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How to use the STL documentation

This site documents all of the components (classes, functions, and concepts) in the SGI Standard Template Library. Each page describes a single component, and also includes links to related components.

This documentation assumes a general familiarity with C++, especially with C++ templates. Additionally, you should read Introduction to the Standard Template Library before proceeding to the pages that describe individual components: the introductory page defines several terms that are used throughout the documentation.

Classification of STL components

The STL components are divided into six broad categories on the basis of functionality: Containers, Iterators, Algorithms, Function Objects, Utilities, and Allocators; these categories are defined in the Introduction, and the Table of Contents is organized according to them.

The STL documentation contains two indices. One of them, the Main Index, lists all components in alphabetical order. The other, the Divided Index, contains a separate alphabetical listing for each category. The Divided Index includes one category that is not present in the Table of Contents: Adaptors. An adaptor is a class or a function that transforms one interface into a different one. The reason that adaptors don't appear in the Table of Contents is that no component is merely an adaptor, but always an adaptor and something else; stack, for example, is a container and an adaptor. Accordingly, stack appears in two different places in the Divided Index. There are several other components that appear in the Divided Index in more than one place.

The STL documentation classifies components in two ways.

  1. Categories are a classification by functionality. The categories are:
    • Container
    • Iterator
    • Algorithm
    • Function Object
    • Utility
    • Adaptor
    • Allocator.
  2. Component types are a structural classification: one based on what kind of C++ entity (if any) a component is. The component types are:
    • Type (i.e. a struct or class)
    • Function
    • Concept (as defined in the Introduction).

These two classification schemes are independent, and each of them applies to every STL component; vector, for example, is a type whose category is Containers, and Forward Iterator is a concept whose category is Iterators.

Both of these classification schemes appear at the top of every page that documents an STL component. The upper left corner identifies the the component's category as Containers, Iterators, Algorithms, Function Objects, Utilities, Adaptors, or Allocators, and the upper right corner identifies the component as a type, a function, or a concept.

Using the STL documentation

The STL is a generic library: almost every class and function is a template. Accordingly, one of the most important purposes of the STL documentation is to provide a clear description of which types may be used to instantiate those templates. As described in the Introduction, a concept is a generic set of requirements that a type must satisfy: a type is said to be a model of a concept if it satisfies all of that concept's requirements.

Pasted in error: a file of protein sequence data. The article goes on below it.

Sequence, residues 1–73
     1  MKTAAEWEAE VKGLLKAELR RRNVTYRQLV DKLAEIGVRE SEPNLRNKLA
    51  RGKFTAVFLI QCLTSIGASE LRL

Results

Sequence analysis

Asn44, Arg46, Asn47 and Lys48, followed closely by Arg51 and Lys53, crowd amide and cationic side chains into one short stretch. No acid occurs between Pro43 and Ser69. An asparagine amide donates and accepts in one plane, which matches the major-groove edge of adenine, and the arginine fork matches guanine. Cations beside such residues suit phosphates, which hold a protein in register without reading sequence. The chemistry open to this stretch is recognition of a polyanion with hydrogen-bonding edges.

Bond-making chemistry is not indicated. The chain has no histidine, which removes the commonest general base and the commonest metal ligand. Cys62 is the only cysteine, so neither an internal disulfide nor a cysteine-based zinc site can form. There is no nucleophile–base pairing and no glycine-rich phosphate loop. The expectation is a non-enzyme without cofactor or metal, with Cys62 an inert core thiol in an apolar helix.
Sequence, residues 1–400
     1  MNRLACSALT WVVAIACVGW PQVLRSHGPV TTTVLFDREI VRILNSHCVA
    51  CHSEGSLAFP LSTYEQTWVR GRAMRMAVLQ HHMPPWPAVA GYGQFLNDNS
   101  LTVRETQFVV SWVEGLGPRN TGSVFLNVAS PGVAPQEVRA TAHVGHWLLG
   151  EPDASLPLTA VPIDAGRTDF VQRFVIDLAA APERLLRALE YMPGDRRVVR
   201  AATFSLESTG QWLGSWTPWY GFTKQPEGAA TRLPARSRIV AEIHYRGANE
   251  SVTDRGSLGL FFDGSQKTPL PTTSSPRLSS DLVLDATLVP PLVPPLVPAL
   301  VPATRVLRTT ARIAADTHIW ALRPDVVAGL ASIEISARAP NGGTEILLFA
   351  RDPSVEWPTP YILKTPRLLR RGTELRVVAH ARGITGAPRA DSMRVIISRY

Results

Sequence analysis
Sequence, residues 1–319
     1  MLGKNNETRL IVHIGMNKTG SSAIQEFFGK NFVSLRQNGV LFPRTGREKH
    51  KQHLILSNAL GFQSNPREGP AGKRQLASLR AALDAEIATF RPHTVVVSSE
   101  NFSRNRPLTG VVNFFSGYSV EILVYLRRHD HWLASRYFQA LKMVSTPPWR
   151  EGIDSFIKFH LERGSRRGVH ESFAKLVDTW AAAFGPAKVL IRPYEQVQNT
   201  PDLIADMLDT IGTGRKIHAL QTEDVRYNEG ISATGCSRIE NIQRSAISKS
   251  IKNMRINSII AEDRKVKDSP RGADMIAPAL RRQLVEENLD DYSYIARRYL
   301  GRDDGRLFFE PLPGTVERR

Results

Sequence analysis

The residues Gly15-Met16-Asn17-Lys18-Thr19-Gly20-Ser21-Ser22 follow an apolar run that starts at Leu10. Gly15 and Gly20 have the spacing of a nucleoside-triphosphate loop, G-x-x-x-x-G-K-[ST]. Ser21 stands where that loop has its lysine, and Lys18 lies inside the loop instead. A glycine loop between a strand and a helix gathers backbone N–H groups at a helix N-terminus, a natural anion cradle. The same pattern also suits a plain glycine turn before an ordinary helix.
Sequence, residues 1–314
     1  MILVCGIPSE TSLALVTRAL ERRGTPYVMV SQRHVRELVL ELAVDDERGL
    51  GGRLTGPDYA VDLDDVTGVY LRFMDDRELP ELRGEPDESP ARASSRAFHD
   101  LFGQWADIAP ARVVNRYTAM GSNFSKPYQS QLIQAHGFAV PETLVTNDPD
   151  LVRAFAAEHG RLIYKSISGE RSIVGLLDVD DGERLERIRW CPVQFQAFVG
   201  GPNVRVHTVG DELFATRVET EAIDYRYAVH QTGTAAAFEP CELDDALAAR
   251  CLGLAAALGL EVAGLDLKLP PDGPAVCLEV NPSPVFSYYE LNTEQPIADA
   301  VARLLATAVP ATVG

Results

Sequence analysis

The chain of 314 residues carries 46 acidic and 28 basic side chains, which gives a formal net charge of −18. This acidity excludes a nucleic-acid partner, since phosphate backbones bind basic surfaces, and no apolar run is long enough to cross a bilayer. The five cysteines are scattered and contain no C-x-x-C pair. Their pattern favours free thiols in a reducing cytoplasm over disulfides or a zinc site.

Concepts are used very heavily in the STL documentation, both because they directly express type requirements, and because they are a tool for organizing types conceptually. (For example, the fact that ostream_iterator and insert_iterator are both models of Output Iterator is an important statement about what those two classes have in common.) Concepts are used for the documentation of both types and functions.

The format of a concept page

A page that documents a concept has the following sections.

  • Summary: A description of the concept's purpose.
  • Refinement of: A list of other concepts that this concept refines, with links to those concepts.
  • Associated types: A concept is a set of requirements on some type. Frequently, however, some of those requirements involve some other type. For example, one of the Unary Function requirements is that a Unary Function must have an argument type; if F is a type that models Unary Function and f is an object of type F, then, in the expression f(x), x must be of F's argument type. If a concept does have any such associated types, then they are defined in this section.
  • Notation: The next three sections, definitions, valid expressions, and expression semantics, present expressions involving types that model the concept being defined. This section defines the meaning of the variables and identifiers used in those expressions.
  • Definitions: Some concepts, such as LessThan Comparable, use specialized terminology. If a concept requires any such terminology, it is defined in this section.
  • Valid Expressions: A type that models a concept is required to support certain operations. In most cases, it doesn't make sense to describe this in terms of specific functions or member functions: it doesn't make any difference, for example, whether a type that models Input Iterator uses a global function or a member function to provide operator++. This section lists the expressions that a type modeling this concept must support. It includes any special requirements (if any) on the types of the expression's operands, and the expression's return type (if any).